THREE AND A HALF STARS Comedians Laurel & Hardy embark on a swan-song tour of post-war Britain.
Steve Coogan, John C. Reilly
PERIOD COMEDY DRAMA #STANANDOLLIE
Stanley Laurel and Oliver Hardy were two of the most respected, hardest working and beloved comedians of their generation. With countless films, stage appearances and world tours to their name, theirs was the double-act that set the standard for all who followed in their considerable wake. Given that that time was some eighty years ago, it’s testament to their legacy that this film was even made. Think about it, at best they were entertaining your grandfather if not your great, or great-great grandparents. Yet that appeal continues to ripple through time.
As directed by Jon S. Baird (FILTH and HBO’s Vinyl), STAN & OLLIE finds the funny men toward the end of their career, on a tour of British music halls in the early 1950’s. Like the tired establishments they are working in, the appeal and stature their surnames once commanded has well and truly faded, leaving the pair contemplating separation or retirement (Hardy’s health isn’t what it once was). Yet, for now, the show must go on and on they go with mixed blessings form their respective partners.
STAN & OLLIE is an utterly pleasant biopic that eschews the clichés of big drama to focus on the nuance of the couple’s relationship, one that’s fuelled by enormous respect and love. With a big heart Baird and screenwriter Jeff Pope (PHILOMENA) explore what it was that kept the showbiz legends together through thick and thin - and by this point it was mostly thin of the cracked-ice variety. The world had been to war and Laurel & Hardy were very much yesterday’s men.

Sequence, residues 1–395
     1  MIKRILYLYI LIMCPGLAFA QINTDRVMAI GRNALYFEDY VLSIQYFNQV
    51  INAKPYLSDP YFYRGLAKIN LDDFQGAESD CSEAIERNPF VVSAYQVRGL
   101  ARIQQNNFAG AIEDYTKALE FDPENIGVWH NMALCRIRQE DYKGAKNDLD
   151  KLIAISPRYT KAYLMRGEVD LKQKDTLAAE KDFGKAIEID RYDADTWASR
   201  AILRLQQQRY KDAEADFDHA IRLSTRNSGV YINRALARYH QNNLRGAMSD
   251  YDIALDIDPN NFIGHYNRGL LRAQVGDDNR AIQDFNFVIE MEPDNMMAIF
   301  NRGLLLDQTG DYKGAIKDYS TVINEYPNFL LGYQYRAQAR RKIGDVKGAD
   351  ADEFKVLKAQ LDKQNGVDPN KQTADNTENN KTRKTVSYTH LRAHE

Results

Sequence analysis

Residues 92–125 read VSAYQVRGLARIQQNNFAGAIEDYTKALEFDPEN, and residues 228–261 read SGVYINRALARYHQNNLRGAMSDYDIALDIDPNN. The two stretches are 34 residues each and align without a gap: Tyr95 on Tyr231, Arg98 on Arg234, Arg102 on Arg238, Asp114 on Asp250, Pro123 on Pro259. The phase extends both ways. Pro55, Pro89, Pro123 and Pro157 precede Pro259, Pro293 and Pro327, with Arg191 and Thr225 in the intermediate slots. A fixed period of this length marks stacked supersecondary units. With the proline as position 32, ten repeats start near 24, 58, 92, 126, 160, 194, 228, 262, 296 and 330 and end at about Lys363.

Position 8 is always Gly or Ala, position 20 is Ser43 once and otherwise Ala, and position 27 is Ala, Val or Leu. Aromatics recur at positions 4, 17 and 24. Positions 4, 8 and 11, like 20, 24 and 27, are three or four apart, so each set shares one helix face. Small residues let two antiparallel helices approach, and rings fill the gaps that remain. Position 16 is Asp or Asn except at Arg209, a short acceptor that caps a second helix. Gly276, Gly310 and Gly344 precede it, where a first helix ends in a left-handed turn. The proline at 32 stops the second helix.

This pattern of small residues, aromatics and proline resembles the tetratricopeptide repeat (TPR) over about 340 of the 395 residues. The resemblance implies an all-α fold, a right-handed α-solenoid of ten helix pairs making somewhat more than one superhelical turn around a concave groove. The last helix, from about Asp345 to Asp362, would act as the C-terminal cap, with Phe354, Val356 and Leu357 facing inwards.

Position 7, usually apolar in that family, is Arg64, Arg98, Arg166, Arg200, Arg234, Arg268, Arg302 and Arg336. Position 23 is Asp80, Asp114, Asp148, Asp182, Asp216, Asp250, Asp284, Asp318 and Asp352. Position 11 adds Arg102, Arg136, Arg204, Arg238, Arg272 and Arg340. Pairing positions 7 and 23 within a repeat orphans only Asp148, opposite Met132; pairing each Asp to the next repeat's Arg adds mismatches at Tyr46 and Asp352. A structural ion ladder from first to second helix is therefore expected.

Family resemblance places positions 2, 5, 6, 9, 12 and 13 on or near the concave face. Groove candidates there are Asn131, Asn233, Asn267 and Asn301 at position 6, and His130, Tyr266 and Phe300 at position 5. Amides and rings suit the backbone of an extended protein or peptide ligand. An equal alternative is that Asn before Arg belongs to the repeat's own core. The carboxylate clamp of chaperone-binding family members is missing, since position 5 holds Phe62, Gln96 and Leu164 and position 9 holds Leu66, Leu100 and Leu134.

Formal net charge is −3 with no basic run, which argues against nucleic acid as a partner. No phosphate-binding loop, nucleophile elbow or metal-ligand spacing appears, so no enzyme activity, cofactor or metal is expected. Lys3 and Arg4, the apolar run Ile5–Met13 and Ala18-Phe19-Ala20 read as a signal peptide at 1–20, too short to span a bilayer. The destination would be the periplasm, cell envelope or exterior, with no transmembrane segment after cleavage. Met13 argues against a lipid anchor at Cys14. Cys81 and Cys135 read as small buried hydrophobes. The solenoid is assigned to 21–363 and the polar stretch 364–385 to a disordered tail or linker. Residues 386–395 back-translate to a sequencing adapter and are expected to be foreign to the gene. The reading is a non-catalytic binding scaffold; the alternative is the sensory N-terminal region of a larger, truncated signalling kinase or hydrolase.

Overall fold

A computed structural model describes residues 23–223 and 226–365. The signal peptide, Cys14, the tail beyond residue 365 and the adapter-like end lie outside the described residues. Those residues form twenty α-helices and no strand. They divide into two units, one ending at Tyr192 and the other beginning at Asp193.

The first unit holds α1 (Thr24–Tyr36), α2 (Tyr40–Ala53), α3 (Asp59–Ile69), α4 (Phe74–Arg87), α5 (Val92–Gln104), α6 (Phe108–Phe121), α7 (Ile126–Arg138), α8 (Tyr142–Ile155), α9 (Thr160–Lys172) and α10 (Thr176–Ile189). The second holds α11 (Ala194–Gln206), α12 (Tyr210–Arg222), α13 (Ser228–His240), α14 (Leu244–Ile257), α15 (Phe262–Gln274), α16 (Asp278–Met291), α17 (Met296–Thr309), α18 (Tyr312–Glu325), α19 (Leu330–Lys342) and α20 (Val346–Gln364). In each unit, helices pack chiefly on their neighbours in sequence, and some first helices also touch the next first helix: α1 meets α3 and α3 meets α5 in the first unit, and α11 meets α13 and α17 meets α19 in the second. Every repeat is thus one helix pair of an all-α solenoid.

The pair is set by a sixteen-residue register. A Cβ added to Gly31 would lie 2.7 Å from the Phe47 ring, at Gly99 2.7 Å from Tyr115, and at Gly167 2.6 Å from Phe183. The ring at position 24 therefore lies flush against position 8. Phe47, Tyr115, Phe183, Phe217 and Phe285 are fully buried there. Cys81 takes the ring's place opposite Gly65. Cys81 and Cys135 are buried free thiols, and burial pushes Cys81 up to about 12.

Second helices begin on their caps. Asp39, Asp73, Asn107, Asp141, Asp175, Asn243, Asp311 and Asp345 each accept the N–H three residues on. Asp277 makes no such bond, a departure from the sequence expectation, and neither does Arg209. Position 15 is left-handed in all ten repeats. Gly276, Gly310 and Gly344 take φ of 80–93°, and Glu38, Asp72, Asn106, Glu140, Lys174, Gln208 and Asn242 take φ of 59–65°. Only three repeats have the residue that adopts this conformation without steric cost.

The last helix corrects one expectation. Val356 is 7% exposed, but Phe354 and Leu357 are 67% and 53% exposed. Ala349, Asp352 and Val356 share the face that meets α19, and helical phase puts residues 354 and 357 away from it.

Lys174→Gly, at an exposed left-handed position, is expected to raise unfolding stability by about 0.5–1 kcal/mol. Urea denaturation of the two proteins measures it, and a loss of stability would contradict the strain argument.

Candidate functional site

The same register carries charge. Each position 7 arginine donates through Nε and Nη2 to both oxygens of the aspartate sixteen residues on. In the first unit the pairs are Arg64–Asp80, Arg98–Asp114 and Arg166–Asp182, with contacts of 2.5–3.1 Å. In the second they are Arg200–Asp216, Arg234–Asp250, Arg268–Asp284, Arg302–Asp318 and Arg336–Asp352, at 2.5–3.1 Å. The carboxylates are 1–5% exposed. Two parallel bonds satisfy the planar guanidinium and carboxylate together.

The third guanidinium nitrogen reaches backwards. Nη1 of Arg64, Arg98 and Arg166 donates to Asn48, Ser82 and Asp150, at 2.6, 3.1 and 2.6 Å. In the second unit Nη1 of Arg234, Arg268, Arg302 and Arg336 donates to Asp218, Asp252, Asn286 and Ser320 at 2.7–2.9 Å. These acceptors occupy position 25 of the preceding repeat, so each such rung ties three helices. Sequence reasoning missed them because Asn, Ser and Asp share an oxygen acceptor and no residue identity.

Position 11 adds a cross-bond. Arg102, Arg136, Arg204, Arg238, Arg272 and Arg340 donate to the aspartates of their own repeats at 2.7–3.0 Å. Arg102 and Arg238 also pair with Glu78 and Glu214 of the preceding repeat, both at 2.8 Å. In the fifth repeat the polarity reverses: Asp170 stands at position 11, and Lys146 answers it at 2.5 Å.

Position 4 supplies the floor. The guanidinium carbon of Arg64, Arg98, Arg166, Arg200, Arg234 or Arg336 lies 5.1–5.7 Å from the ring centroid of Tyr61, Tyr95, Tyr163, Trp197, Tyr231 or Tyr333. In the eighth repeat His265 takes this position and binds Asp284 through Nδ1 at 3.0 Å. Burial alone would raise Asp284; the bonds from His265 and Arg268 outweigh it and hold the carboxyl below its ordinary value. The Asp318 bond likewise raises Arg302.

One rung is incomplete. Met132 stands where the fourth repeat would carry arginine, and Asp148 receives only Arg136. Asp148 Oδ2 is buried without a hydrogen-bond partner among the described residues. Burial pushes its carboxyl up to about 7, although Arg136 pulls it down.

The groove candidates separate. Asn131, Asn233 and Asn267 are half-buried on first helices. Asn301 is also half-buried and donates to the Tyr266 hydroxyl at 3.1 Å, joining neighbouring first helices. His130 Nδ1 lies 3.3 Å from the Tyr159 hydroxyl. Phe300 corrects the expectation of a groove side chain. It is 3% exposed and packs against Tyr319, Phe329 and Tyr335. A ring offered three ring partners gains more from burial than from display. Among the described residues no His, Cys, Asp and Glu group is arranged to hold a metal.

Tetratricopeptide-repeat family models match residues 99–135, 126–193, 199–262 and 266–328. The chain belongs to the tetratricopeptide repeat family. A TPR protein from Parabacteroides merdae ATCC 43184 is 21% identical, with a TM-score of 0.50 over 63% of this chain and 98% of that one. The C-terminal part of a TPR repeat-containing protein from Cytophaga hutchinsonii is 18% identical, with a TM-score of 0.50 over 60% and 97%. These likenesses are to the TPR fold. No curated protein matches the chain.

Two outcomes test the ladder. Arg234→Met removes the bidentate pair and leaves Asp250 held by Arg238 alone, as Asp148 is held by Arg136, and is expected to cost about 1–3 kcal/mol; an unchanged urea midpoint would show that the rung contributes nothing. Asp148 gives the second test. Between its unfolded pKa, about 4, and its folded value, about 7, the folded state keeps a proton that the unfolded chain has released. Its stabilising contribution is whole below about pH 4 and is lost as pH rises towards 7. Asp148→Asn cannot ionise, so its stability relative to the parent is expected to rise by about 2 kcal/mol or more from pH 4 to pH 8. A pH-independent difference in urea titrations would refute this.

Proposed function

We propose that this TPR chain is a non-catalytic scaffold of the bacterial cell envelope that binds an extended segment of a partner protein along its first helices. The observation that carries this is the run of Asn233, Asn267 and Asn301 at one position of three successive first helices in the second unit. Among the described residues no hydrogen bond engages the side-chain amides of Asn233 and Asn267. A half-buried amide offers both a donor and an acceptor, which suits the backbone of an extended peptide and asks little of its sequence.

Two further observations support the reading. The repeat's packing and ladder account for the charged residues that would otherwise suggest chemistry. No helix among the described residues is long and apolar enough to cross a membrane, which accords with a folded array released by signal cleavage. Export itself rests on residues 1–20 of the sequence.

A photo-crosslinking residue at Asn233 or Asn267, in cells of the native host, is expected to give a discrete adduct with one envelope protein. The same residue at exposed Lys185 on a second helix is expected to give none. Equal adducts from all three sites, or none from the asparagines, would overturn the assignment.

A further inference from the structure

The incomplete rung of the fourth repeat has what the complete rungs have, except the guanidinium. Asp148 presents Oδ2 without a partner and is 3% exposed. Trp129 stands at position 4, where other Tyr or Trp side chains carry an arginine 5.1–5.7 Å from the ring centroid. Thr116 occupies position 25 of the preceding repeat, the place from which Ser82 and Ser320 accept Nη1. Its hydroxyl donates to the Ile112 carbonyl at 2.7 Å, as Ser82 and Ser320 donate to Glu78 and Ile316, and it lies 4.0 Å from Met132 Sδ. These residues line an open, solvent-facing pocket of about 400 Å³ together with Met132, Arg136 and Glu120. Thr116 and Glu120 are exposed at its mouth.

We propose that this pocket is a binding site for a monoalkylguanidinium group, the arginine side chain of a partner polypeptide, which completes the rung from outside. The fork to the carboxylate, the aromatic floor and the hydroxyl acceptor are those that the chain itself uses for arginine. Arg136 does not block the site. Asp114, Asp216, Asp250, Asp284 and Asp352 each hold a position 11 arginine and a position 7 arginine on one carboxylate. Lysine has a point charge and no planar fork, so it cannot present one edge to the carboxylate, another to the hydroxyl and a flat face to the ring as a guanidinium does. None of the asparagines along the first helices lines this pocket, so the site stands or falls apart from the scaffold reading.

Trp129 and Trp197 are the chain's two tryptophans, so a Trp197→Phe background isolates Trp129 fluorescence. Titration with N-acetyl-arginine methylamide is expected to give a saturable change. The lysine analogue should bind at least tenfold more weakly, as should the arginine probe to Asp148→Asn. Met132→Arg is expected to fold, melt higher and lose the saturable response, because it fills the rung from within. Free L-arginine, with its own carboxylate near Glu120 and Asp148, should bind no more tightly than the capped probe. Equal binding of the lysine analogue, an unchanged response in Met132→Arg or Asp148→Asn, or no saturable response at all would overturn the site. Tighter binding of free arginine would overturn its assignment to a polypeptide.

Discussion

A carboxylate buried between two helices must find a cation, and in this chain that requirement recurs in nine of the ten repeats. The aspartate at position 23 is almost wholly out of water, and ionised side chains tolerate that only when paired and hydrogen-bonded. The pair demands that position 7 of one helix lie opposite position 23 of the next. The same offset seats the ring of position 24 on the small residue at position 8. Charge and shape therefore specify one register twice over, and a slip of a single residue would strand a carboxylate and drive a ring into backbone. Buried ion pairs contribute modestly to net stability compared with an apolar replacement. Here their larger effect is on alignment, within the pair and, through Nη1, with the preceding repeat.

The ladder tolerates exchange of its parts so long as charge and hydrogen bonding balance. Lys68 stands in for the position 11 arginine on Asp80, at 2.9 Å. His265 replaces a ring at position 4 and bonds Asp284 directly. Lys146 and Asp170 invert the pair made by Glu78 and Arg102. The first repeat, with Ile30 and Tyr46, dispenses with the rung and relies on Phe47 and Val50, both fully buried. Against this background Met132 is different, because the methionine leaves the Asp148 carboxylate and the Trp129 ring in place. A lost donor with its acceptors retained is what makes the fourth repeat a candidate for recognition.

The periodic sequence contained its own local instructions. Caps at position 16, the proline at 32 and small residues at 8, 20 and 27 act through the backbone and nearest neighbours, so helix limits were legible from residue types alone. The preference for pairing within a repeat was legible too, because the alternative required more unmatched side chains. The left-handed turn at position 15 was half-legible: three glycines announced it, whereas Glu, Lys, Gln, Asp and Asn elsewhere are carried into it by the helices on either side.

Yet that dedication to nuance also works against the film. Without big dramatic beats it becomes a reverential story about two immensely likeable men being, well, likeable. The narrative grit focuses on their negotiation of trust and navigation toward old age, but the pair are way too likeable to worry about them for long. We know any problem will soon be resolved with a hearty handshake. No doubt they were gentlemen and their nobility is certainly to be applauded, but respect and sincerity is hardly the stuff of riveting drama. All up, this is an oddly bloodless experience.
What recommends STAN & OLLIE are the rock-solid performances of Steve Coogan and a prosthetically enhanced John C. Reilly who completely inhabit their characters. Down to the smallest twitch and tic they effortlessly pull audiences back into a time long gone yet in a way that feels surprisingly tangible. As they throw a spotlight on the impact that one’s use-by date had on these legendary performers, there’s something pleasingly non-period about this period piece.